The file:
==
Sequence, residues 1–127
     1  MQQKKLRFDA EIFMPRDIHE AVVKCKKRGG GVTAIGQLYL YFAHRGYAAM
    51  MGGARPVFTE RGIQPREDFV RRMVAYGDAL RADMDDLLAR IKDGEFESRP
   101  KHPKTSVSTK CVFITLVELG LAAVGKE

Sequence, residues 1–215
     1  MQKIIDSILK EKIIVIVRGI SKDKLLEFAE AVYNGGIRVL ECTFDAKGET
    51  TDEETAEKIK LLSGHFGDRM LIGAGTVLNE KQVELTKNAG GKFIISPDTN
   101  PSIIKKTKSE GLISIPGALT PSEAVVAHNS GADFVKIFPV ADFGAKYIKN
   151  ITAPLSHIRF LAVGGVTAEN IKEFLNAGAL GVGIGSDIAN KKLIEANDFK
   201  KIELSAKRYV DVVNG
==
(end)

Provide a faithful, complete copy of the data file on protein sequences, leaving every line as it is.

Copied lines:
Sequence, residues 1–127
     1  MQQKKLRFDA EIFMPRDIHE AVVKCKKRGG GVTAIGQLYL YFAHRGYAAM
    51  MGGARPVFTE RGIQPREDFV RRMVAYGDAL RADMDDLLAR IKDGEFESRP
   101  KHPKTSVSTK CVFITLVELG LAAVGKE

Sequence, residues 1–215
     1  MQKIIDSILK EKIIVIVRGI SKDKLLEFAE AVYNGGIRVL ECTFDAKGET
    51  TDEETAEKIK LLSGHFGDRM LIGAGTVLNE KQVELTKNAG GKFIISPDTN
   101  PSIIKKTKSE GLISIPGALT PSEAVVAHNS GADFVKIFPV ADFGAKYIKN
   151  ITAPLSHIRF LAVGGVTAEN IKEFLNAGAL GVGIGSDIAN KKLIEANDFK
   201  KIELSAKRYV DVVNG